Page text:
What is HMO Insurance: Everything You Need to Know
When you're choosing insurance, you've probably wondered "what is HMO insurance?" Two options–Health Maintenance Organization & Preferred Provider Organization.5 min read
What Is HMO Insurance?
When you're choosing insurance, you've probably wondered "what is HMO insurance?" There are generally two options: Health Maintenance Organization (HMO) and Preferred Provider Organization (PPO) when choosing insurance. There are a few differences between the two, including:
- Out of network service coverage
- Ability to see specialists
- Cost of the plans
- Size of the plan network
With an HMO, you'll get access to see specific doctors or visit hospitals that are within the network your insurance company uses. These networks are made from providers who have agreed on special rates for their members.
Keep in mind that with an HMO, services are only covered when you use in-network providers. Generally, an HMO does not cover services at out-of-network hospitals or providers unless, of course, it is a true emergency.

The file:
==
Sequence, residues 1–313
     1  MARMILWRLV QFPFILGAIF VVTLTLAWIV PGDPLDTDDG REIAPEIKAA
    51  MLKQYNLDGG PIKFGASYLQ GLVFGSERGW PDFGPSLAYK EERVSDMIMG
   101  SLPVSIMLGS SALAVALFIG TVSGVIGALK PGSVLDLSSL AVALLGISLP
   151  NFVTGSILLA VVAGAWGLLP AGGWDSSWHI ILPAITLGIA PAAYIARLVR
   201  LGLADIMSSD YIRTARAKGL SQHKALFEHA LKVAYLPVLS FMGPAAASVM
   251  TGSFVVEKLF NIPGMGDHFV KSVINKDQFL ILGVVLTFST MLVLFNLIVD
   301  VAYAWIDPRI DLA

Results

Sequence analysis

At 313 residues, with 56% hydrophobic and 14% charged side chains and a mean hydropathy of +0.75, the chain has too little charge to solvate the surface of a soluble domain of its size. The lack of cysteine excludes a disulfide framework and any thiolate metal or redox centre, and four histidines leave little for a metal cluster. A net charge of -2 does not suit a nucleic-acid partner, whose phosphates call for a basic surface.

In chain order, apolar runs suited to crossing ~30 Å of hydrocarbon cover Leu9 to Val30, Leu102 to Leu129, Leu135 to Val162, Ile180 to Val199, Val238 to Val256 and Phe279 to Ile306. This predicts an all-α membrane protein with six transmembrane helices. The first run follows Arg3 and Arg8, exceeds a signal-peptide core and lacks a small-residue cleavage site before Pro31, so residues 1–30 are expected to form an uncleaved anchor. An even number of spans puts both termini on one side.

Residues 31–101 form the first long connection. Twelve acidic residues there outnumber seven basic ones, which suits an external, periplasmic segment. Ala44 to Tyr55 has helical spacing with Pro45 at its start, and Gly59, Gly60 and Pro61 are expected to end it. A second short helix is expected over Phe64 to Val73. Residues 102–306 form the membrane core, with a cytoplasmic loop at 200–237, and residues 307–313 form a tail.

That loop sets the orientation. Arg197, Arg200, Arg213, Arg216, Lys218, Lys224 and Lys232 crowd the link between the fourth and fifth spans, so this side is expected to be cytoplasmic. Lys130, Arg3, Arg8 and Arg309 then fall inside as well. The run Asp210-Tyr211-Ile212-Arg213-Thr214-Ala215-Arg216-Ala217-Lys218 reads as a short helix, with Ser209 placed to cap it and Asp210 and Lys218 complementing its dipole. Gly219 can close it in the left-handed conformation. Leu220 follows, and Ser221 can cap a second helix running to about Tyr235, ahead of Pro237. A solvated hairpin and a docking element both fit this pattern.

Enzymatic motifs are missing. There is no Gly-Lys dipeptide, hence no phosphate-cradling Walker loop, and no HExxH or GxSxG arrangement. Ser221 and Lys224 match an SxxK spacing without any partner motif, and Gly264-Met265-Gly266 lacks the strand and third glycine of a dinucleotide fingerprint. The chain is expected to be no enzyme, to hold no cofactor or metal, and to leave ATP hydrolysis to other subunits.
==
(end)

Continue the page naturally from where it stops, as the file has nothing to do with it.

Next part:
One of the big benefits of an HMO is that it covers a larger range of preventative services than many other plans, allowing you to maintain your health more effectively. In addition, with an HMO you'll generally enjoy lower out-of-pocket costs.
Most HMO plans require you to first see your primary care physician, who can refer you to specialists. However, some plans allow you to see a specialist even if you haven't been referred by your primary care physician. If you choose to see a doctor who is not in-network, this will not be covered. In this case, you will be responsible for the entire cost of the service.
What Is PPO Insurance?
If you choose a PPO, you'll get more flexibility in your choice of hospital or doctor. There is still a network that you can choose from. PPO insurance has fewer restrictions when it comes to seeing providers that are not in-network.